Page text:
As the vibrant energy of Chinese New Year fills the air, Chef Yuanhui Li is in his element. Whisking through his kitchen, preparing childhood favourites, he can't contain his excitement for the festivities. He pauses, sharing precious memories with Gulf News:
"Growing up in Dalian City, Chinese New Year meant a mouthwatering feast: dumplings, noodles, fish, spring rolls – all the classics! Mum always prepared special dishes with abalone and a delightful sticky rice cake for dessert, so sweet and chewy."
Drawing on his vast knowledge of traditional Chinese cuisine, Chef Li (now Dubai's Shi Group Executive Chef for four years) shares his insights on creating the perfect festive ambience and table setting. He emphasises the importance of tradition, presentation, and delectable taste, ensuring an unforgettable celebration.
"During the winter, my family back home gears up for one of the most important traditional holidays - the Chinese New Year. Also known as the Spring Festival, this holiday usually falls between late January and mid-February, and the festivities continue for 15 days. Each year is associated with one of the 12 animals in the Chinese zodiac, and 2024 is the year of the Dragon," said Chef Li. "The Dragon represents power, luck, and good fortune; people eagerly await the new year's arrival. For us, it is a time to honour our ancestors and pray for good fortune and prosperity in the coming year.
The Dragon represents power, luck, and good fortune; people eagerly await the new year's arrival. For us, it is a time to honour our ancestors and pray for good fortune and prosperity in the coming year.
"This festive season is the only time my family and I get together because we live far apart. It's a special occasion where we cook and enjoy each other's company. This year, I have a group of colleagues and friends in the UAE to celebrate and have a good time with."
The cuisine of Dalian
Dalian has a long coastline and a mild climate with fresh air, making it ideal for seafood, sailing, fishing, and enjoying the sea view. The seawater in Dalian is clean and has a favourable temperature, making it ideal for fish and other sea creatures to thrive, making them nutritious, fresh, and tasty.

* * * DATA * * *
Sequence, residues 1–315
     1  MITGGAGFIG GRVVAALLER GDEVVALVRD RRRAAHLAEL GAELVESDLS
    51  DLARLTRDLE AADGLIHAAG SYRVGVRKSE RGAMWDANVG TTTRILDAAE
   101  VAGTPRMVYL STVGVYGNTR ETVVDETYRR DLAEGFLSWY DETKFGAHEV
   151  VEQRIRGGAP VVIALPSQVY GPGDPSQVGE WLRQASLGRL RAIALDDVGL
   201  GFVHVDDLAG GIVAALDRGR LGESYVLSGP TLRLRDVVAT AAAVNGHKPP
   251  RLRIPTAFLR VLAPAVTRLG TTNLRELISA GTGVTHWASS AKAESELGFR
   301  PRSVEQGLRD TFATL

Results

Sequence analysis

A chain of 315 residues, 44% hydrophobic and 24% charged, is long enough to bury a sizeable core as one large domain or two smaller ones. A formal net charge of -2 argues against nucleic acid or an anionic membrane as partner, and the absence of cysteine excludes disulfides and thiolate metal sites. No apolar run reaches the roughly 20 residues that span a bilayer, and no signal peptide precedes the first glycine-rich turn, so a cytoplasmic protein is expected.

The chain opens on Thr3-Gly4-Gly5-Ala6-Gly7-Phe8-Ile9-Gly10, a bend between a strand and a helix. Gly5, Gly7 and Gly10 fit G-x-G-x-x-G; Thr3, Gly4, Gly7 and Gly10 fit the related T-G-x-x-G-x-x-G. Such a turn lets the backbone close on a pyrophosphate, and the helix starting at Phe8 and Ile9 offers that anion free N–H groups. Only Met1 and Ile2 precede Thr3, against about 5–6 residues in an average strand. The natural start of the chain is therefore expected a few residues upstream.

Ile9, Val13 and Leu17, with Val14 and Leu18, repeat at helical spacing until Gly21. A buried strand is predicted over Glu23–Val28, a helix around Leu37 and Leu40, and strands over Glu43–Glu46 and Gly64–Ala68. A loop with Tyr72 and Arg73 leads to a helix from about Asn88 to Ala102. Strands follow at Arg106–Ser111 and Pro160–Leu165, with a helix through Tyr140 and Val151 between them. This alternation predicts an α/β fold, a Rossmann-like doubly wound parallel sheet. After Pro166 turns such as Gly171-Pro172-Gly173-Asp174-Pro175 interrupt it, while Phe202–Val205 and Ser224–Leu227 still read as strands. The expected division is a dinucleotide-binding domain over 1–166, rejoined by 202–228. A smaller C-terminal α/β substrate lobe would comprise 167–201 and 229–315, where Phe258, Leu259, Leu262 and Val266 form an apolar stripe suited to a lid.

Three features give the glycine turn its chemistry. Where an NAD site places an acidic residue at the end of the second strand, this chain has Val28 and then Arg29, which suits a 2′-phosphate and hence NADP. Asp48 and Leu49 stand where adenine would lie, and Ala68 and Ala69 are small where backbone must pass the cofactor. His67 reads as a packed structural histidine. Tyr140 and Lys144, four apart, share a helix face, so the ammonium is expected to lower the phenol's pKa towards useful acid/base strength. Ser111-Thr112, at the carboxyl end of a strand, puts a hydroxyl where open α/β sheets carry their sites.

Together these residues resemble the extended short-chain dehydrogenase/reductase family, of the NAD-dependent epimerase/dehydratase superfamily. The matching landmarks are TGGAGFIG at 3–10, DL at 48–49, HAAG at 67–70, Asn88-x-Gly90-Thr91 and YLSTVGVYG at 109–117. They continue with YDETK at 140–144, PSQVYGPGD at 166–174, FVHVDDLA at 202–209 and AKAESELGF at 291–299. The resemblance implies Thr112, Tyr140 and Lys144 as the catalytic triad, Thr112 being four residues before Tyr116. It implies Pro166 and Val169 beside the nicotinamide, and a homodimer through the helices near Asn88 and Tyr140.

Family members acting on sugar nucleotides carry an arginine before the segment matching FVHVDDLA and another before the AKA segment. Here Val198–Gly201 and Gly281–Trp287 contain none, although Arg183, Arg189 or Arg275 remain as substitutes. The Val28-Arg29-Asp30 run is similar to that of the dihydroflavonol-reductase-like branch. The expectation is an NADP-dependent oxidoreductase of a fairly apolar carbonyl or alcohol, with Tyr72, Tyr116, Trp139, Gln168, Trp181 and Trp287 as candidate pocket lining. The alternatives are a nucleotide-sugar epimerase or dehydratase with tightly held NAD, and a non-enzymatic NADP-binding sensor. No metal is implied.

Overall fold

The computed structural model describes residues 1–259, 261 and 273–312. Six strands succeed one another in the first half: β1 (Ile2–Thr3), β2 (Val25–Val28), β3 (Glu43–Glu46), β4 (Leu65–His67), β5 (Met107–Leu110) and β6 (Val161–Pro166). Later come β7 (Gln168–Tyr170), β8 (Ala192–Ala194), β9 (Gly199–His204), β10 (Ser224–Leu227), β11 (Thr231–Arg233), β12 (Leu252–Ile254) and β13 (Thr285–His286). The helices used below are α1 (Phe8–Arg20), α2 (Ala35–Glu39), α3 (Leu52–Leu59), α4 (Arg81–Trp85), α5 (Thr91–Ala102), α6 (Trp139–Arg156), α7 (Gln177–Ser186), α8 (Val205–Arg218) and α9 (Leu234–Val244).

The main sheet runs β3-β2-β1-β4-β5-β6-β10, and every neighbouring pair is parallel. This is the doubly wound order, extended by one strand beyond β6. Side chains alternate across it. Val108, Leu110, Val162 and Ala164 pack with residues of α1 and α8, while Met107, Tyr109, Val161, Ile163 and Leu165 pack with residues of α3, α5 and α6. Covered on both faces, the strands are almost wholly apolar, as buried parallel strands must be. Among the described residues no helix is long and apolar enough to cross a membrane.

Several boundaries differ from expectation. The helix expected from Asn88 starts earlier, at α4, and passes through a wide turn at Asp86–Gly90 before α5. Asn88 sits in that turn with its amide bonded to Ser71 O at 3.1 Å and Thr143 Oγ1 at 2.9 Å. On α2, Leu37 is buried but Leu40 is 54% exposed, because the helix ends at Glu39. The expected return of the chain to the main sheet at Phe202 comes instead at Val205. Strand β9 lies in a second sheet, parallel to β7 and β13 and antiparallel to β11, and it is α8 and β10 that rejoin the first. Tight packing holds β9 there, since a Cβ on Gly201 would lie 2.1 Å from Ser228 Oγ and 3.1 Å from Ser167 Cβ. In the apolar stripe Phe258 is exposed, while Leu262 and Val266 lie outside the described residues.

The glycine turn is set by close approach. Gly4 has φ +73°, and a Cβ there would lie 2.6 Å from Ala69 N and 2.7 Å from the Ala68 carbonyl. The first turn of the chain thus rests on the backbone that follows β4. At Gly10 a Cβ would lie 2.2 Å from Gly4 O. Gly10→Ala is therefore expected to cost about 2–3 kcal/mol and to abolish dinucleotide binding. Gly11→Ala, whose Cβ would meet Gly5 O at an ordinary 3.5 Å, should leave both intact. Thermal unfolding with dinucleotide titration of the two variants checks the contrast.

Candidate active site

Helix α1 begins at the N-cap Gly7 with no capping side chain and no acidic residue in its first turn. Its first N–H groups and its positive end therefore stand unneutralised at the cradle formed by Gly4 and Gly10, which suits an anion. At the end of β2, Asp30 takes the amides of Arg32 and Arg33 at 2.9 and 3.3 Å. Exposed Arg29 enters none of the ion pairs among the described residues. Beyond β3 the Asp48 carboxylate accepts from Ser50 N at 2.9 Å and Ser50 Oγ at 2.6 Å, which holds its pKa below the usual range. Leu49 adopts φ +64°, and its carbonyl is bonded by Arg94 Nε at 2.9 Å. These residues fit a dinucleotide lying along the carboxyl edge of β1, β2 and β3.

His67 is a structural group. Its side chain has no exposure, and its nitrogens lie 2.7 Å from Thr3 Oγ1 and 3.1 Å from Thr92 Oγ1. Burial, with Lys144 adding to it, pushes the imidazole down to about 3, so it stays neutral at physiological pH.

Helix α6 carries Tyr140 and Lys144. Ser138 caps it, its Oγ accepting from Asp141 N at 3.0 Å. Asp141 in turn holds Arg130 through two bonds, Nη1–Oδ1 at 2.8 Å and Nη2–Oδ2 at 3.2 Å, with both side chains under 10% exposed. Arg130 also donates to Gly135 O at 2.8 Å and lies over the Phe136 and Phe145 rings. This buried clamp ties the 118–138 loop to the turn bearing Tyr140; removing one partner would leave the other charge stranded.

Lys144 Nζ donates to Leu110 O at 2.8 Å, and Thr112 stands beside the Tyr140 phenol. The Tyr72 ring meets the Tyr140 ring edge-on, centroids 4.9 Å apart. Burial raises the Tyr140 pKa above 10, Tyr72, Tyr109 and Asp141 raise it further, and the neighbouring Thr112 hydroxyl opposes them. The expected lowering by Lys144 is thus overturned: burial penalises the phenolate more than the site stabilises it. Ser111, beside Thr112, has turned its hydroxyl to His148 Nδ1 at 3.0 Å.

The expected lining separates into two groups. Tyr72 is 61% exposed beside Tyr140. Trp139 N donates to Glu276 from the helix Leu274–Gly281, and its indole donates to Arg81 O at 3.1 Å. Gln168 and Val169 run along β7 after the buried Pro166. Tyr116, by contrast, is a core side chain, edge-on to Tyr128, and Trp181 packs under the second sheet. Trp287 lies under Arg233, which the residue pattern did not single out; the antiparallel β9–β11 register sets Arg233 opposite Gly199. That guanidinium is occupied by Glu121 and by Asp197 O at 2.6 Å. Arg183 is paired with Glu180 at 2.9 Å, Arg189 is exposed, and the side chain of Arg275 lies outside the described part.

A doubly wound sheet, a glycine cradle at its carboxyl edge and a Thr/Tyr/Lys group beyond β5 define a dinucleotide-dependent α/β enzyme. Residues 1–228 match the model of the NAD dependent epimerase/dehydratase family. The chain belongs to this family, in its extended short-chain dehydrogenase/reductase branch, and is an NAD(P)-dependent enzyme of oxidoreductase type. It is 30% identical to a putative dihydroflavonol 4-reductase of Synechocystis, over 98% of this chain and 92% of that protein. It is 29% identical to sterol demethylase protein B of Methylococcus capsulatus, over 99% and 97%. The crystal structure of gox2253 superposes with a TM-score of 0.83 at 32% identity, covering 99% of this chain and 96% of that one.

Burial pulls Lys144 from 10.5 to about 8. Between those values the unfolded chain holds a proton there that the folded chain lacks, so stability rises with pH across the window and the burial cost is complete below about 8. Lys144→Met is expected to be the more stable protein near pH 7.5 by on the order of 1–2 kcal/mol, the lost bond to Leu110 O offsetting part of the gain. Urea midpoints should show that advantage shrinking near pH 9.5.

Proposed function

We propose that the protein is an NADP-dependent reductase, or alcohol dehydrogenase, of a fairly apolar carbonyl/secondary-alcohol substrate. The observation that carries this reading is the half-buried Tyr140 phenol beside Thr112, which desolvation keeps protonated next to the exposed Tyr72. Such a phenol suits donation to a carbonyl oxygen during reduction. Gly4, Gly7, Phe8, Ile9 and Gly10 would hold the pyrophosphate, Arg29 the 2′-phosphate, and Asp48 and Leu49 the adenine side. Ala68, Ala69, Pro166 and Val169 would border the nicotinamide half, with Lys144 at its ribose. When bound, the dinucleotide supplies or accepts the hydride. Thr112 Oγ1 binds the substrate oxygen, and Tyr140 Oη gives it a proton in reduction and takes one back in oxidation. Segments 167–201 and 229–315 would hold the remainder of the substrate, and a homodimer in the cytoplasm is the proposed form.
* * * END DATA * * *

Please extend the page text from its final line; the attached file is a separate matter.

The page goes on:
Special dishes for Chinese New Year
As Chef Li comes from Dalian, which is famous for seafood, he cooks seafood dishes such as abalone and sea cucumber. Sizzling in the ocean, a dish with seven different types of seafood, is one of his favourites for the Chinese New Year, reminding Chef Li of his hometown. He also prepares a whole sea bass, symbolising abundance and a staple at Chinese New Year celebrations. The fish should be left with some leftovers on the table, as this indicates prosperity in the sense of having surpluses every year.
This is practised only in the north of the Yangtze River, but in other areas of China, the head and tail of the fish shouldn't be eaten until the beginning of the year, which expresses the hope that the year will start and finish with a surplus. He has shared three recipes with Gulf News readers to enjoy on this occasion: Sizzling in the Ocean, Roasted Duck with Lemongrass Sauce, and Xiao Long Bao.
The symbolism of Chinese dishes
Chef Li says that each recipe symbolises something special. Dim sum means ‘Touch of the heart’, and by having a mix of dim sum, they are giving their heart to the guest in terms of the effort they put into bringing all these flavours together in a perfect shape. Peking Duck initially served to the emperor in China 1500 years ago and is presented in a different way with a touch of lemongrass. This makes the guests feel like emperors. Appetisers like spring rolls, jellyfish salad, and marinated peanuts are arranged around the main dishes, usually in odd numbers for good luck. Longevity noodles are typically served in a long, unbroken strand in a separate bowl, symbolising long life and good health. Soups like wonton soup or fish soup are placed at the end of the meal for a comforting finish.
Setting a festive table for Chinese New Year
Chef Li sets the table using the art and science of Feng Shui to create a balance of energies and attract fortune, health, luck, and prosperity in the New Year.
Here are some key points to understand feng shui:
Qi (energy): The central concept of feng shui, believed to flow throughout the environment and influence well-being.
Yin and Yang: Represents opposing yet complementary forces (like light and dark), aiming for balance within a space.
Five elements: Wood, fire, earth, metal, and water, believed to interact and influence energy flow.
According to him, every element of the table is chosen wisely. For instance, the tablecloth must be red, symbolising good luck and happiness, and mandarins and oranges must be added to the table with a quantity that ends in 8, which is a lucky number in China. A conscious effort is made to have an even number of dishes on the table at Chinese New Year; the belief is that good things come in pairs, and odd numbers signify death. Usually, 8, 12, or 16 dishes are prepared for New Year. These numbers represent luck, success, and lots of wealth. A round table is preferred, as it signifies togetherness, peace, and family harmony.
Along with this, he believes that the best tableware adds to the festive atmosphere of the table. He uses a red tablecloth and adds prosperous colours such as red and gold in the form of napkins and napkin holders or gold bowls and salad servers. These elements are believed to attract fortune, health, luck, and prosperity in the New Year.
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